John Cobb (1715-1778) worked in premises at 72 St Martin's Lane, London. Little documentation exists regarding his early life. He completed his apprenticeship in 1736 entering into partnership with William Vile in 1751 and taking over the firm upon Vile's retirement in 1764. In 1755 the firm had expanded taking over the neighbouring St Martin's Lane premises of William Hallett (d.1781). By this time Cobb himself held very much a managerial role and was primarily concerned with design and quality control. In 1761 Cobb was granted a royal warrant to supply furniture to the crown under the direction of the Great Wardrobe. In 1755 he married Sukey Grendey, the daughter of the prominent cabinet-maker Giles Grendey. He took the firm in a new direction specialising in marquetry and introducing new woods for inlay such as harewood, burr-yew and fruitwoods, often applied to the bombé form seen here in the 'French manner' of the 1750s which was introduced to London by Pierre Langlois and popularised by Chippendale's Director.

    The Royal Pavilion Brighton

    The Royal Pavilion in Brighton, the famed Indo-Sarcenic building with opulent Chinoiserie interiors was built in three stages for George IV while Prince Regent. The Resort town of Brighton had become fashionable through the residence of George's uncle The Duke of Cumberland who shared a similar excessive lifestyle to that of the young prince. The Prince also favoured Brighton as a location for his liaisons with his long term companion Mrs Fitzpatrick. He initially rented a modest farmhouse overlooking the Steine, a grassy area used as a promenade for visitors. Building began in 1787, Henry Holland (1745-1806) who has worked with the Prince on Carlton House in London was employed to enlarge the existing building and this became one wing of what was to become known as the Marine Pavilion and was decorated in Holland's French influenced neo-classical style. The Prince commenced works at the Pavilion in the wake of a scandal over the overspending and excess involved in the building and decoration of Carlton House (1783-1796). In 1795, the Prince was in debt to the tune of the enormous sum of £640,000 and it was only his marriage to Caroline of Brunswick (1768-1821) that provided the financial solution. A grand riding school was built in the Indo-Sarcenic style in 1803 to the designs of William Pordern (c.1755-1822) providing stabling for sixty horses, and dwarfing the Pavilion itself. In 1801 Holland was commissioned to design substantial extensions and to further alter the Pavilion.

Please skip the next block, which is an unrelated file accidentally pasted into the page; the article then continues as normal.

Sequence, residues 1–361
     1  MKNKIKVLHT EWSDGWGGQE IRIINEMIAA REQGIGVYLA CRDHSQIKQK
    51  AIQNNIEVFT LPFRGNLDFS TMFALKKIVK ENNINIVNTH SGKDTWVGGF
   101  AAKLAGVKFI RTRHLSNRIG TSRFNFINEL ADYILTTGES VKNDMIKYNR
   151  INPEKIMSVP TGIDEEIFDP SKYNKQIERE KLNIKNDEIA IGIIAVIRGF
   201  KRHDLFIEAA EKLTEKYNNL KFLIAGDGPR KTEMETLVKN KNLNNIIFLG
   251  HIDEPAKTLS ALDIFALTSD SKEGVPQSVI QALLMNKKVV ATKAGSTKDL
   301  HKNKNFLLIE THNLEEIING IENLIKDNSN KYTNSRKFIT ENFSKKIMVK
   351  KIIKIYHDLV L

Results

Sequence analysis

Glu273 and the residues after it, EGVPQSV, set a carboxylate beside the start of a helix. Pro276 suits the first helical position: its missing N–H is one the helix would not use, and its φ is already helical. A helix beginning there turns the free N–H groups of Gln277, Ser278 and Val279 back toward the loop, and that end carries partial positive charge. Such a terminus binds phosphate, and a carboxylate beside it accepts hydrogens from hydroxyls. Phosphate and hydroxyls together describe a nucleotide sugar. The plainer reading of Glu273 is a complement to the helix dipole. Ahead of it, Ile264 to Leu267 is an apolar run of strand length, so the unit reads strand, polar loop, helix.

John Nash (1752-1835) remodelled the Pavilion between 1815-1822, during which time the interiors continued to develop their considered and extraordinary character. The interiors were the work of Frederick Crace and the little known decorative painter Robert Jones and were heavily influenced by the Indian and Chinese styles. While Carlton House was furnished in a grand Louis Seize style it is not clear why the Prince had been so inspired by the Chinese style for the interiors produced at the Pavilion in the early 19th century. Although the Chinese taste had been widely employed by the English aristocracy in interior decoration during the mid to late 18th century it was no longer at the forefront of fashion. This restrospection from the Prince, normally a man of contemporary fashions, has been attributed to both a nostalgia for his youth as he approached middle age but also through a desire to distance himself, post Revolution, from the taste of the French Court but the 1820's the French influence began to re-emerge at the Pavilion. The largest expenditure on the interiors during the Nash development was with the firm of Bailey and Saunders successors through Tatham and Bailey of Elward Marsh and Tatham who figured strongly in earlier schemes created for the Pavilion. Older or re-used furniture certainly played a part in the furnishing of the Pavilion. By the 1820s more focus was being given over to 18th century French furniture, some of which had been acquired for the Chinese Drawing Room at Carlton House around 1790; there were also a pair of narrow Louis Seize cabinets incorporating Japanese lacquer in The Red Drawing Room and two cabinets by Weisweiler for the South Drawing Room. The suite of Indian ivory veneered sandalwood furniture which was bought by George III for Queen Charlotte in 1781 was then purchased back by George IV for the Royal Pavilion at his mother Queen Charlotte's sale at Christie's in 1819 (now at Buckingham Palace).

    Our thanks to Kate Elms of The Brighton History Centre for some of the research relating to this note.